President of the National Assembly of Armenia Ara Babloyan issued a statement over the domestic political situation, noting that he plans meetings with the President, Prime Minister, Ombudsman, Supreme Judicial Council of Armenia and representatives of international diplomatic missions to discuss the existing situation, ARMENPRESS was informed from the press service of the parliament of Armenia.
The statement reads as follows,
I have attentively followed the activities of the Government during the 100 days and as the head of the parliament I expected to see a program aimed at the preservation of the country’s security, economic development, improvement of people’s welfare and of course further strengthening of democracy from my colleague, Prime Minister of Armenia Nikol Pashinyan. 100 days might be little time for hearing the complete vision of the PM over these issues and the constructive ways to solve them.
Definitely, I find that it’s necessary to fight against corruption. It’s definitely necessary to fight against monopolies.
I am convinced that people’s voice should always be heard. People should be maximally informed and involved in making the key decisions, since, as we know, the power in Armenia belongs to the people. But when doing all these we must be guided by only and only by the Constitution and laws, as well as by the full respect towards the international commitments assumed by the Republic of Armenia.
In this regard I record with regret that I am deeply concerned by the situation in the country.
The normal social-political life of the country, the legal-constitutional relations of state power bodies and public solidarity are under risk. I see dangers tendencies of dividing the public into supporters of revolution and counterrevolution and deepening of intolerance.
My concerns further rise especially after hearing this remark during PM Pashinyan’s speech. I quote ‘So I advise everyone to think before speaking. And you say that we limit your freedom of speech. You should first learn to think before speaking and then think about your freedom of speech.’
I have to admit that it was such remarks were unexpected for me to hear from PM Pashinyan for the simple reason that it’s just an encroachment against pluralism.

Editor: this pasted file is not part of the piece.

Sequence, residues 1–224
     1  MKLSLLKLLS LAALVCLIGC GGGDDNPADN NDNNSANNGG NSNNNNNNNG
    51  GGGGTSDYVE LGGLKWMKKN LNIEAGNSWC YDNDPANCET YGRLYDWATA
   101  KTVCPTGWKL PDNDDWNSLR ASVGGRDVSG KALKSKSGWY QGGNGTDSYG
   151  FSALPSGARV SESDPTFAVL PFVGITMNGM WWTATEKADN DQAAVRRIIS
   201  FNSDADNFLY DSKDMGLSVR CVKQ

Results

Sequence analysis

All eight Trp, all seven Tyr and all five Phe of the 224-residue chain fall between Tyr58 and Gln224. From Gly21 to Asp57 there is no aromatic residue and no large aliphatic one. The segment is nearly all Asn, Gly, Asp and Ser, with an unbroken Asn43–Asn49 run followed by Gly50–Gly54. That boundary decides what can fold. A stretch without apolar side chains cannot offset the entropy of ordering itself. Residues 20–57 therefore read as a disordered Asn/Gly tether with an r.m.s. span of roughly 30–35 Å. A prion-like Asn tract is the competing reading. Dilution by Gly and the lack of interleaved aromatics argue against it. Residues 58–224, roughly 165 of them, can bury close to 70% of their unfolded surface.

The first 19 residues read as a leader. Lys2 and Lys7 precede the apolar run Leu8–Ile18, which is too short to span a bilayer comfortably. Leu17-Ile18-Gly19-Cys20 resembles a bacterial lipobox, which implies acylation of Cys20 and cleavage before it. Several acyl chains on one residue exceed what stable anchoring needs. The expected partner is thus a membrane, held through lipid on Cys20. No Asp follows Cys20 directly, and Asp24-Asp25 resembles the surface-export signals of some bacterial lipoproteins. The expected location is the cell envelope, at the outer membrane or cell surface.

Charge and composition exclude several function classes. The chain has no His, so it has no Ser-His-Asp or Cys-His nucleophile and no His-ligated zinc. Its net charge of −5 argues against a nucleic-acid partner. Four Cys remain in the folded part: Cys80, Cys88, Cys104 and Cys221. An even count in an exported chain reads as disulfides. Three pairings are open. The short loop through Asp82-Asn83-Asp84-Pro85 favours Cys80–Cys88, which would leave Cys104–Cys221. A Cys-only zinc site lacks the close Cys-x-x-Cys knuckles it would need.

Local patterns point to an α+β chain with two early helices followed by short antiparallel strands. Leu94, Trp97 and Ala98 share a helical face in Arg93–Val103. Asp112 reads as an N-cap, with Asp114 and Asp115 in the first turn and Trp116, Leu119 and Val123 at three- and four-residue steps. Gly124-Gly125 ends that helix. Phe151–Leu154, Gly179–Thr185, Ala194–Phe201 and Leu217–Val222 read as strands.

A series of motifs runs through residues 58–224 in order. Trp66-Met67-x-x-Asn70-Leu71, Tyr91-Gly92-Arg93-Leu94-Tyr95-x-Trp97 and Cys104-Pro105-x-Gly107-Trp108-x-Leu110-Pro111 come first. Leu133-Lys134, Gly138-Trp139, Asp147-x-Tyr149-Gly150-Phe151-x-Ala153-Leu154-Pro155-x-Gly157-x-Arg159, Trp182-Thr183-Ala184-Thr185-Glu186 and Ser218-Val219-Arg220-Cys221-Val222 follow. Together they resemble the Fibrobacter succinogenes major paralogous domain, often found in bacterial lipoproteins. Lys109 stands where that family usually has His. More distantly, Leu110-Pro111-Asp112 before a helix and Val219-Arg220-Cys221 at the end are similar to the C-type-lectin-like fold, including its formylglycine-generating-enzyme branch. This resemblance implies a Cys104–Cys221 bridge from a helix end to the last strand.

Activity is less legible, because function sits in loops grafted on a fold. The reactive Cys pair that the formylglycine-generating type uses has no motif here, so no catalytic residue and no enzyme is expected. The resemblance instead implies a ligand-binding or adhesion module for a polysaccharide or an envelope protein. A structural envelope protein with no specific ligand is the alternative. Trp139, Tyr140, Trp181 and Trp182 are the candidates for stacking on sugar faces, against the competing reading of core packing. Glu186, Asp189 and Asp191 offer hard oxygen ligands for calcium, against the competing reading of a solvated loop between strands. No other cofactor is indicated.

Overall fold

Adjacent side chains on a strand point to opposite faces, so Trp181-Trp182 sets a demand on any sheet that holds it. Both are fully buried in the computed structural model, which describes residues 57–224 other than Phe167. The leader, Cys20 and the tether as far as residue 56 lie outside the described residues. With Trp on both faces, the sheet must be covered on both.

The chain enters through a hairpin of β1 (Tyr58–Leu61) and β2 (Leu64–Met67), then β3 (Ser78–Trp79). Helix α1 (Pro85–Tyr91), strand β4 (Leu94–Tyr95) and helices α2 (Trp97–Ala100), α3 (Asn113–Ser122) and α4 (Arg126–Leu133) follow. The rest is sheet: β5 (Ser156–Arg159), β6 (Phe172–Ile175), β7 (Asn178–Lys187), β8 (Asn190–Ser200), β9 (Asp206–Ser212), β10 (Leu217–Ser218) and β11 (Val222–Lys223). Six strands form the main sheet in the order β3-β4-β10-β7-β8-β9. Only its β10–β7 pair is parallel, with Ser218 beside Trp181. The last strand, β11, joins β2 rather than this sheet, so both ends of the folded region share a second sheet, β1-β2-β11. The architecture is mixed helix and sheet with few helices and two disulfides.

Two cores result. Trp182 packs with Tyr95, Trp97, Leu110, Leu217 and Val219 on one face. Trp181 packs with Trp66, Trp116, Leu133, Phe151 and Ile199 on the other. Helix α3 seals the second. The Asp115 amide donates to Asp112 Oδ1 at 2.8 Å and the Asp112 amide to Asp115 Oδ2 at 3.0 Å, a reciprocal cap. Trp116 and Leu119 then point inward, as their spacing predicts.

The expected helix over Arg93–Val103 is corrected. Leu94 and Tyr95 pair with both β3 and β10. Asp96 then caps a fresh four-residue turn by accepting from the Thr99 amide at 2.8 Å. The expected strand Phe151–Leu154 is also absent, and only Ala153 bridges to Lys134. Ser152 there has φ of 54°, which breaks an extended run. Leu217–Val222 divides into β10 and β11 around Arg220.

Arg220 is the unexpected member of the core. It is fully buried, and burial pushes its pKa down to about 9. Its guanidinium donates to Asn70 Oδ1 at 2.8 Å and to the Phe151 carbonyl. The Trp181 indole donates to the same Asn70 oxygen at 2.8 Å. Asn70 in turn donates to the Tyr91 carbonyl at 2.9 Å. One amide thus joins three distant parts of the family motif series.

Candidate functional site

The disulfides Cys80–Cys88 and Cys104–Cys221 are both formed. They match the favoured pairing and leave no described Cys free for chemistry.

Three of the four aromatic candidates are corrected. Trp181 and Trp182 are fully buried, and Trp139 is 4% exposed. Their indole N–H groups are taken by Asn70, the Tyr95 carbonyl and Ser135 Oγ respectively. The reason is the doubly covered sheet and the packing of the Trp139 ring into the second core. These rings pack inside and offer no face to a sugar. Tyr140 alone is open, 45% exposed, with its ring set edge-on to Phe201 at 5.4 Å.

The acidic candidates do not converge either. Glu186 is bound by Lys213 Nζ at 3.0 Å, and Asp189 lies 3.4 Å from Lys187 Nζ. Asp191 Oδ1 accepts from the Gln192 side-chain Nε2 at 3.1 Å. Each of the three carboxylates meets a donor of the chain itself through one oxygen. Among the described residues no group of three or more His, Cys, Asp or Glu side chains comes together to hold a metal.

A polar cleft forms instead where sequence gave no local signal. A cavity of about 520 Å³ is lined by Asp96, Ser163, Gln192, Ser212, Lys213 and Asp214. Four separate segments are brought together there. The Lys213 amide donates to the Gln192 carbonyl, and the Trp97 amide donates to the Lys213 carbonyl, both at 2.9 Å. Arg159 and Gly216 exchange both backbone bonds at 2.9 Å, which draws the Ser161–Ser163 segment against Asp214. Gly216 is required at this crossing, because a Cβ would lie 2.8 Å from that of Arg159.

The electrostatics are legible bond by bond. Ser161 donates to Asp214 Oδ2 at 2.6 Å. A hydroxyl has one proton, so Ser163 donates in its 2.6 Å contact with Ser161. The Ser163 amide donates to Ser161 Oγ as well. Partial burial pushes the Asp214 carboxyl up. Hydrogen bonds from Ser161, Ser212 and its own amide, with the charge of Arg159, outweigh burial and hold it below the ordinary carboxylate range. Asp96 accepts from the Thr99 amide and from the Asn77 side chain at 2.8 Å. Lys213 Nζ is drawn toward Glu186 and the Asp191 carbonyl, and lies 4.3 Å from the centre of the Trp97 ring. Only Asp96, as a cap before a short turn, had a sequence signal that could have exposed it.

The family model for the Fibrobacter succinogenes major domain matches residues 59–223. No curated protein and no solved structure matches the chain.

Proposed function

And frightening the judges and threatening the dissidents by the National Security Service parallel to this is not only a pressure against the judicial body, but also against anyone in the country who holds an opposite opinion.
There were also messages in PM Pashinyan’s speech very dangerous for the Constitutional order of the Republic of Armenia, and the fundaments of statehood, that are in direct contradiction with the international commitments assumed by Armenia for establishing a legal and democratic country.
Particularly, the way of addressing the judges by the Head of the Executive in a way like this “sober up,” is a merely threat for the independence of the judiciary and an interference to all the ongoing and future judicial examinations and decisions. Under the theory of “transitional justice” an anti-legal hint of giving retroactive effect to the laws was made.
At the same time, the implementation of possible constitutional changes at the National Assembly of Armenia, moreover, with the threat to ensure the desired outcome, is an overt pressure and compulsion against the legislative branch.
For me, this is further incomprehensible given the fact that the opportunities for such discussions and making decisions at the parliament were not exhausted.
Therefore, taking into account the aforementioned, I plan meetings with the President, Prime Minister, Ombudsman, Supreme Judicial Council of Armenia and representatives of international diplomatic missions to discuss the existing situation.
Remaining faithful to my constitutional mission, I assure you that the National Assembly will continue to exercise the powers vested in it by the law.”